As we have been reporting, our cruise ships will start calling on a new destination in February 2011 – Falmouth, Jamaica. Voyager of the Seas will be the first Royal Caribbean ship to visit Falmouth on February 17th and Oasis of the Seas and Allure of the Seas will begin calling in March 2011. We are excited to be part of the development of this new port of call. In this blog entry, I have asked Patrick Schneider, Director, Shore Excursions, to update you on some of the highlights of the tour program that will be offered for guests calling on Falmouth. Patrick is one of the leaders in Craig Milan’s Land Operations group.
Guest Blog Post by Patrick Schneider, Director, Shore Excursions
My primary responsibility as Director, Shore Excursions, is to oversee a team of Account Managers who identify and develop the tour programs offered worldwide on Royal Caribbean International, Celebrity Cruises and Azamara Club Cruises. As a former Shore Excursion Manager onboard Celebrity, I am passionate about providing our guests the opportunity to experience amazing cultures around the world; to try new things they never thought they would; and to simply escape from their day to day routine. My team and I travel to many of these destinations for site inspections (yeah, it’s a tough job but someone’s got to do it!) and we’ve been visiting Falmouth regularly as the work progresses.
Falmouth once played a significant economic role as a trade and shipping center during the English colonial period. From the wharfs of Falmouth, sugar, rum and coffee were sent to England. Ships carrying African slaves and all kinds of fine goods arrived in Falmouth, dropping anchor in the bustling port town in order to serve the necessities of 18th Century colonial life (such as fine furniture, French wines and Chinese Porcelain).
This time period produced much of Falmouth’s historic district including the Court House, the Water Square and other public and private buildings, which makes this town one of the most important historically in Jamaica.
In the early 1830′s, shipping activity moved to deep-water ports and slaves were freed in Jamaica. Both events caused Falmouth to lose its main economic activity and over the years the town lost its luster and most building went into a state of disrepair.
Very little development has occurred in the town over the last 100+ years. However, about eight years ago, Falmouth Heritage Renewal, a Jamaican non-profit organization, was charged with the restoration of Falmouth’s main buildings. Since then, other Jamaican institutions along with the University of Virginia’s School of Field Architecture have also joined forces to help document and restore Falmouth’s historical buildings. Finally, the Historic Falmouth Cruise Port, a joint venture of the Port Authority of Jamaica and Royal Caribbean Cruises Ltd. is bringing international attention to this century long forgotten and ignored town. The Historic Falmouth Cruise Port is serving as a catalyst for the town’s rehabilitation and beautification as well as raising awareness of the importance of documenting and preserving Falmouth’s history for future generations.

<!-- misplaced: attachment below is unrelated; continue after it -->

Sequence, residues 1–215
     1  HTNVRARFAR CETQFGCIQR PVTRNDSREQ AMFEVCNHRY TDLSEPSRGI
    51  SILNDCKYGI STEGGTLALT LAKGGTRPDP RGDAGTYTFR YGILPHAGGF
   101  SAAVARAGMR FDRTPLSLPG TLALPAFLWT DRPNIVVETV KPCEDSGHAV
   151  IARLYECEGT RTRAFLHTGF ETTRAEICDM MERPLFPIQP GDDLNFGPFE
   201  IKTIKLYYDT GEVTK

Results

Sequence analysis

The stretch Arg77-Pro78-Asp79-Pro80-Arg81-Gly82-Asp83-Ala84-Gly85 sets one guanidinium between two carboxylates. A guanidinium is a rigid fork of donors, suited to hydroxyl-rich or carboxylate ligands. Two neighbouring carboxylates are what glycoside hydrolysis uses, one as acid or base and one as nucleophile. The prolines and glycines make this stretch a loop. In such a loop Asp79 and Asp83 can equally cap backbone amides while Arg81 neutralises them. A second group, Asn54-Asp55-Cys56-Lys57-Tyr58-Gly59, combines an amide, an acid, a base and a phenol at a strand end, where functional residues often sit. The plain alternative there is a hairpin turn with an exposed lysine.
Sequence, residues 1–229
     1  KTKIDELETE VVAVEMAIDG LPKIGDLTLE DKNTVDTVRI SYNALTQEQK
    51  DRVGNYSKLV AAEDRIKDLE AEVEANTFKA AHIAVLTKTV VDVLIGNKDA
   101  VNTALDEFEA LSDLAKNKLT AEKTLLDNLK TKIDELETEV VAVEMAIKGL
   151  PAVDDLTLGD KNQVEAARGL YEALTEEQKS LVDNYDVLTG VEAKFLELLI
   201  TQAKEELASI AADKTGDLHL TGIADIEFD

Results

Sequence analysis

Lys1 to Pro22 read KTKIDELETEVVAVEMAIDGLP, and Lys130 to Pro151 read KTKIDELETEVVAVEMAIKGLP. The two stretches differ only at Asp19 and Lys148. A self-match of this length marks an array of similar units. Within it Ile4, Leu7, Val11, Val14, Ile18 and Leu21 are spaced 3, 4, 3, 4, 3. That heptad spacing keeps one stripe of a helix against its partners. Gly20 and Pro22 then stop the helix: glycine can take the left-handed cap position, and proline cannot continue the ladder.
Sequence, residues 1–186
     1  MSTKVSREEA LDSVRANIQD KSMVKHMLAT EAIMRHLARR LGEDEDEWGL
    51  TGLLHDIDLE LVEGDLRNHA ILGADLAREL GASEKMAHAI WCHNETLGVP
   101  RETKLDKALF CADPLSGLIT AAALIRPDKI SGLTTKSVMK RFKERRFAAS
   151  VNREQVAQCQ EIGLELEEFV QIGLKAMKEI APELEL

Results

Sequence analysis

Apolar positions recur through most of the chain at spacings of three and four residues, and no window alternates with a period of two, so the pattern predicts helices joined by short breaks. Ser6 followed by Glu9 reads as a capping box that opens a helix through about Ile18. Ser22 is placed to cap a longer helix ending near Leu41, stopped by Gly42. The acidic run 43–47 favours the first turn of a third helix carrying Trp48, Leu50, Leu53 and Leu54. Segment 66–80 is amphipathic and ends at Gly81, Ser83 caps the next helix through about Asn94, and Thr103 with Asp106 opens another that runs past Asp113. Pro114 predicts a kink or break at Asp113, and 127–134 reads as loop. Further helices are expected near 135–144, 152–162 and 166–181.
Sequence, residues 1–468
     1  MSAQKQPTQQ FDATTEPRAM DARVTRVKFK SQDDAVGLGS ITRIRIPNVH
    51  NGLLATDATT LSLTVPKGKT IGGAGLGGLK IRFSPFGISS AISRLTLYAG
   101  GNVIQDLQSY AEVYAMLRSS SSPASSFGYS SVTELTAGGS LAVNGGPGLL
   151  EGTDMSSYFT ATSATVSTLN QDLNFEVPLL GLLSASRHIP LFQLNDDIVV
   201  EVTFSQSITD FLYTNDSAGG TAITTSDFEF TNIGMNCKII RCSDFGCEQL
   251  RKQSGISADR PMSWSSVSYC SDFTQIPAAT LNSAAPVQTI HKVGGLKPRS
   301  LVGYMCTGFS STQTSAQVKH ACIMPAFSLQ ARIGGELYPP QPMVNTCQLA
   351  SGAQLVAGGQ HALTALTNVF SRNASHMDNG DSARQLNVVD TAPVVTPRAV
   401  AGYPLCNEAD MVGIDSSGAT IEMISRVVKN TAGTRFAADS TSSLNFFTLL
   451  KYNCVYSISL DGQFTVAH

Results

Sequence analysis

In addition, and just as important to our guests, the new port will serve as a gateway to three well-known tourist destinations within Jamaica: – Ocho Rios, Montego Bay and Negril. Guests will have many options for activities in Falmouth and in its surrounding destinations.
In February, we will have more than half of the site’s exterior complete and by mid-March almost all of the building exteriors are expected to be finished. Construction is scheduled to conclude by the first of June. Since the Falmouth Port facilities will still be under construction for initial ship calls in February we encourage guests to participate in an organized tour as the best way to experience Jamaica from this new port-of-call.
Long-time guest favorites, previously offered from Ocho Rios and/or Montego Bay, will continue to be available. These include visiting or climbing Dunn’s River Falls, swimming with dolphins, plantation/great house tours, river rafting, canopy tours, horseback riding, as well as several different beach/resort breaks. In total Falmouth, Jamaica actually has more tours available than any other port in the Caribbean!
There will also be get-away options in the parish of Trelawny where Falmouth is located, including a walking tour and a horse and buggy tour of the historic port of Falmouth. This will provide guests the opportunity to learn more about the history and culture of this unique part of Jamaica. One can also take a helicopter tour of either the local Falmouth area or over to Dunn’s River Falls for great scenery and photo opps. Guests will also have the opportunity to visit “Cockpit Country,” Jamaica’s largest remaining contiguous rainforest, via a 4×4 safari tour or a cave exploration adventure.
Jamaica is famous for its beautiful mansions and Good Hope Great House is a local example of these former working plantations. Good Hope Great House was built in the 1700′s and restored in its entirety, with paintings, antiques and the lush surroundings of a 2,000-acre working enterprise. Guests visiting the property can walk on the lands once owned by the largest planter in Jamaica, John Tharpe, and travel to the ruins where the water wheel and kiln still stand today. There will be several tour options available from Good Hope Great Estate including a horse and carriage ride, a tour of the great house and grounds, and will either include a fine dining experience of Caribbean cuisine, a traditional high tea experience or a taste of the wondrous spices of the Caribbean.
Our team handles the tour programs for over 400 ports-of-call and we offer over 4,500 tours worldwide. Every visit to these ports, whether for the first time or as a frequent visitor, offers an opportunity for new experiences. Falmouth will not disappoint.